We will ride out the storm, says Truss

Truss spent her first hours after entering Number 10 sacking members of Boris Johnson’s Cabinet and appointing her own, leaning heavily on trusted supporters…reports Asian Lite News

Liz Truss on Tuesday declared that Britain could “ride out the storm” of the cost of living crisis as she prepared to freeze annual energy bills for households at around £2,500.

Speaking from the steps of Number 10 under grey clouds, the new Prime Minister used her first speech to reassure the country that financial help was coming.

She also appointed a Cabinet of loyalists, rejecting calls from senior Tories to choose Rishi Sunak supporters for top roles.

Truss will unveil a package of measures to help with spiralling energy costs as early as Thursday. Household energy bills are set to be frozen this winter and next, and businesses are also expected to receive support, although details are still being finalised.

The vast intervention will be funded with borrowing, and the total cost could be more than £150 billion.

Speaking after a visit to Balmoral, where she was formally appointed Prime Minister by the Queen, Truss said: “We shouldn’t be daunted by the challenges we face. As strong as the storm may be, I know that the British people are stronger. Our country was built by people who get things done. We have huge reserves of talent, of energy, and determination. I am confident that together we can ride out the storm, we can rebuild our economy and we can become the modern brilliant Britain that I know we can be.”

Truss spent her first hours after entering Number 10 sacking members of Boris Johnson’s Cabinet and appointing her own, leaning heavily on trusted supporters.

Therese Coffey, one of her closest friends in politics, was named as Deputy Prime Minister and Health Secretary in a signal of the importance the new Prime Minister places on tackling the NHS backlog.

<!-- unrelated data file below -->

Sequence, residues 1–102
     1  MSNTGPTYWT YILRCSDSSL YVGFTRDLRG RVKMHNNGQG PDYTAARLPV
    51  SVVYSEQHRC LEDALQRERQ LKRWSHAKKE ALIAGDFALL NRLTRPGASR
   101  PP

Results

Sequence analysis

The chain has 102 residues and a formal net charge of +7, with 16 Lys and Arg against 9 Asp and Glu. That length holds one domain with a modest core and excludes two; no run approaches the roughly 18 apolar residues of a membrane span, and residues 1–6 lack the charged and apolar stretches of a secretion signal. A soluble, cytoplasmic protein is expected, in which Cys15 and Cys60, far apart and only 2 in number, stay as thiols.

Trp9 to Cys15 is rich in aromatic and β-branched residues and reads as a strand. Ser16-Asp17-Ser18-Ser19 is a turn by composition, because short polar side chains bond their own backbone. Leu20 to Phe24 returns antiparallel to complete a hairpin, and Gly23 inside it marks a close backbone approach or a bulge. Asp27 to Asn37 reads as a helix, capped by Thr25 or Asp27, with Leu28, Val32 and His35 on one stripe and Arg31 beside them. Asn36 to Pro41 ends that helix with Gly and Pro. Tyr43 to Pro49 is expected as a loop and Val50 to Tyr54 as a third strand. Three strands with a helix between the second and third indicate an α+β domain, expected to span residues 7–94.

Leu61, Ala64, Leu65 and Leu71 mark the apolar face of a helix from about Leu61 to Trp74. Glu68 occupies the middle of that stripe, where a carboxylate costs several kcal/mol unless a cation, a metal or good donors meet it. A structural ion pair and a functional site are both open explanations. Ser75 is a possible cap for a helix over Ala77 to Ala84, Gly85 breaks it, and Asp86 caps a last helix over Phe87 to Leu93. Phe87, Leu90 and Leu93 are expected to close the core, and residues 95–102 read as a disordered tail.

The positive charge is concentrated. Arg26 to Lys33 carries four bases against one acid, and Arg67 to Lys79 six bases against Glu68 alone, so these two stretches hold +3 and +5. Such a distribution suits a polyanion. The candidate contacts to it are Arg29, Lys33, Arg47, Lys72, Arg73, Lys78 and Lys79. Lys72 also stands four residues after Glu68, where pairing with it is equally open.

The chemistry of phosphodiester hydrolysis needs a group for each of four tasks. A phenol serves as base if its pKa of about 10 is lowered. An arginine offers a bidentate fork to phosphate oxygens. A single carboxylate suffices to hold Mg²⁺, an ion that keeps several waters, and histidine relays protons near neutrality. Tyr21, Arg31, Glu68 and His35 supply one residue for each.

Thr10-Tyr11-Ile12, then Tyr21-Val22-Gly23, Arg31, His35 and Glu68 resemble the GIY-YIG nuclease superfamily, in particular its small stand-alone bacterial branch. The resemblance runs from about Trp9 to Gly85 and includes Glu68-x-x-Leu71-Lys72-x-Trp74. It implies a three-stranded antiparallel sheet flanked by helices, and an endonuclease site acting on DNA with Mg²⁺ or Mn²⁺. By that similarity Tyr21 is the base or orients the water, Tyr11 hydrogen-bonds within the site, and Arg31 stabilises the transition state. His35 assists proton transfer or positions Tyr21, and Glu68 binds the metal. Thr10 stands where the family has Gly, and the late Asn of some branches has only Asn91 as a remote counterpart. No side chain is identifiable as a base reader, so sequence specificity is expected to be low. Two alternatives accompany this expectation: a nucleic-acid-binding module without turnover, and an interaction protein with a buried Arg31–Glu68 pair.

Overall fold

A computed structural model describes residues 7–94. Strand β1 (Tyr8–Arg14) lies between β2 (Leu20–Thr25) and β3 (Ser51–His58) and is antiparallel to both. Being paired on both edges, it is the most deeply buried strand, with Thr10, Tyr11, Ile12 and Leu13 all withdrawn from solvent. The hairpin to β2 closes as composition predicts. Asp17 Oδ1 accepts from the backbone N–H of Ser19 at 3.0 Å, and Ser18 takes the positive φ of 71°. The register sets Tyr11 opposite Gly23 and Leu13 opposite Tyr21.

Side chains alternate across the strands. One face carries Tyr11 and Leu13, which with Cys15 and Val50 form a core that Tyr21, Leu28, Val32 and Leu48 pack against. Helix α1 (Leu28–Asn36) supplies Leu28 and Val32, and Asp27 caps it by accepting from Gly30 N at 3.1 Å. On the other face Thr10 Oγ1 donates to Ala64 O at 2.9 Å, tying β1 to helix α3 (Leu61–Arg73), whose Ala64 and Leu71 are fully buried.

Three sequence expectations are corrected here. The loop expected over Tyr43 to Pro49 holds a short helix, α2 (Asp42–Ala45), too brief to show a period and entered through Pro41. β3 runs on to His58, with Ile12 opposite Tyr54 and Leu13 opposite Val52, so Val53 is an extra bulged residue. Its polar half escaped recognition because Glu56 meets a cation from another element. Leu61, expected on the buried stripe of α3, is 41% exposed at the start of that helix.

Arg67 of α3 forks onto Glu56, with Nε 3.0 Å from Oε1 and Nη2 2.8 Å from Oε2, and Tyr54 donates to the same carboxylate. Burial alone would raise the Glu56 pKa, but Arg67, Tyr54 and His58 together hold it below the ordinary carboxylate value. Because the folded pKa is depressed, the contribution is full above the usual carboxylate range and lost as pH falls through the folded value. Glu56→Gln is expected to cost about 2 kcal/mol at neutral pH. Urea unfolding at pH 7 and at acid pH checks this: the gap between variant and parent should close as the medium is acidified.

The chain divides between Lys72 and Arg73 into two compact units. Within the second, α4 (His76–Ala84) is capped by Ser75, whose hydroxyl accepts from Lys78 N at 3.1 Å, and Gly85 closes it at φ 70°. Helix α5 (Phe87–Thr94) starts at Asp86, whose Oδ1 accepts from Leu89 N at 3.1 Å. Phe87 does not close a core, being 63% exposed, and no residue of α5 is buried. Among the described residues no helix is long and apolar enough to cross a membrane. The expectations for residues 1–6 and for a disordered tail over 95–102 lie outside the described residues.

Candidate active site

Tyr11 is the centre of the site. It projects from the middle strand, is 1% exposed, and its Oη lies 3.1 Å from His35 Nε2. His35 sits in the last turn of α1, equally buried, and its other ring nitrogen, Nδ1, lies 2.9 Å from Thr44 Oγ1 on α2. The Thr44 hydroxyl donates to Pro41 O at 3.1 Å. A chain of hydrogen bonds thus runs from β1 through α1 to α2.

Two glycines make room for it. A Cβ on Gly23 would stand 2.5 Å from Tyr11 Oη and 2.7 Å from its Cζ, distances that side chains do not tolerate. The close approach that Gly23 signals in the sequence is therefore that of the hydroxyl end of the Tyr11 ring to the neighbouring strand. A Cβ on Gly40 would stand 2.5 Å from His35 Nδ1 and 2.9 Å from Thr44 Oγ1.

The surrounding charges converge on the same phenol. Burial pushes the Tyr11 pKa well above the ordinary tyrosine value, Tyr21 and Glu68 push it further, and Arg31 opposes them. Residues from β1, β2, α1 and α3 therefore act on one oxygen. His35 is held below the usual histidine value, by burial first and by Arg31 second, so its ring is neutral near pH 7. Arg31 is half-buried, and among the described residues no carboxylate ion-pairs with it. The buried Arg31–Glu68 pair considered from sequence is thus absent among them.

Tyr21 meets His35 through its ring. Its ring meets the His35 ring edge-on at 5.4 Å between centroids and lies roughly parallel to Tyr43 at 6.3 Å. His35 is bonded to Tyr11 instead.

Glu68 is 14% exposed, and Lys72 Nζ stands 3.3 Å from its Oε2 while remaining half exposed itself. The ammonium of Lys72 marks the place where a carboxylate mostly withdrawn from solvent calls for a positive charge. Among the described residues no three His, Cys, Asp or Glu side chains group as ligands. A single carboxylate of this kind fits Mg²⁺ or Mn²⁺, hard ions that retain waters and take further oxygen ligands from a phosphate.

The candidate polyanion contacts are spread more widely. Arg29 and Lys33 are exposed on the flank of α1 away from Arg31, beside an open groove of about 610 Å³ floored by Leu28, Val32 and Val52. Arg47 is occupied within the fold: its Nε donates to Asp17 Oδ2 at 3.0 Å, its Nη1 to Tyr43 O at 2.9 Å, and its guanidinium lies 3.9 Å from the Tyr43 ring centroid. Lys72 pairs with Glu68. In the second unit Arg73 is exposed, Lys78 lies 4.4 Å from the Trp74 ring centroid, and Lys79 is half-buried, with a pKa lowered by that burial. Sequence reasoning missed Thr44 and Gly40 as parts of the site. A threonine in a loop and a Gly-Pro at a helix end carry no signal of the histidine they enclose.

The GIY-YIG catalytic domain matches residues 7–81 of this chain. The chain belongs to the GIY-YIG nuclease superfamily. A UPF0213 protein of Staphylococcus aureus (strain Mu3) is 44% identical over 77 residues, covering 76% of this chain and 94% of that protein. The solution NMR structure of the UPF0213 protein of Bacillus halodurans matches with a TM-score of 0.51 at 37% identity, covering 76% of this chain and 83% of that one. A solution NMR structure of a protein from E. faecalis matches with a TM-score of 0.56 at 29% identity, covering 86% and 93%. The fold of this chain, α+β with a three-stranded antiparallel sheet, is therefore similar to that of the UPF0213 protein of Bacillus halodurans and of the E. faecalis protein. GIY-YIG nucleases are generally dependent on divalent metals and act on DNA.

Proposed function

Kwasi Kwarteng was appointed Chancellor, James Cleverly became Foreign Secretary and Suella Braverman, who ran for the Tory leadership, was made Home Secretary.

It means that for the first time in history none of the great offices of state is held by a white man. The three senior figures also have limited Cabinet experience – just three years combined.

Truss chose not to give Cabinet jobs to many supporters of Sunak, her Tory leadership rival, despite calls for a unity front bench. Sunak was not appointed to a Cabinet role.

The move is a political risk given that her two predecessors were forced out of office by rebellions among Conservative MPs.

Truss will hold her first Cabinet meeting on Wednesday before facing Sir Keir Starmer in her first Prime Minister’s Questions. On Tuesday night she spoke on the phone to Joe Biden, the US president.

The White House stressed that Northern Ireland peace must be protected – a hint at past concern over the UK’s push to unilaterally change post-Brexit trade rules in the province.

Volodymyr Zelensky, the Ukrainian president, said he had invited Truss to Ukraine after becoming the first foreign leader to hold a call with the new Prime Minister.

Johnson brought down the curtain on his three-year premiership with a 7.30am speech outside Downing Street in which he pledged support to Truss and touted his achievements in office.

But he also appeared to hint that hopes of a political comeback were not gone, citing Cincinnatus, an Ancient Roman politician who gave up power but returned again.

Truss’s speech threatened to be overshadowed by a downpour that broke just moments before her arrival at Number 10.

The Downing Street podium was covered by a plastic bag and removed as the shower struck, but was returned as the rain eased for her address.

She laid out her policy priorities in office, saying: “I will get Britain working again. I have a bold plan to grow the economy through tax cuts and reform. I will cut taxes to reward hard work and boost business-led growth and investment. I will deal hands-on with the energy crisis caused by Putin’s war. I will take action this week to deal with energy bills and to secure our future energy supply.”

She named NHS reform as another key drive, saying: “I will make sure that people can get doctors’ appointments and the NHS services they need. We will put our health service on a firm footing.”

There was praise for her predecessor as she said: “Boris Johnson delivered Brexit, the Covid vaccine, and stood up to Russian aggression. History will see him as a hugely consequential prime minister.”

Truss talked up the “grit, courage and determination” of the British people, saying: “I know that we have what it takes to tackle these challenges. Of course it won’t be easy. But we can do it. We will transform Britain into an aspiration nation.”

Fresh details emerged about the huge package of support she is preparing to announce later this week to protect homes and businesses from rising energy bills.

All 28 million households are expected to be protected until 2024 in an intervention that goes further and lasts longer than Labour’s proposals.

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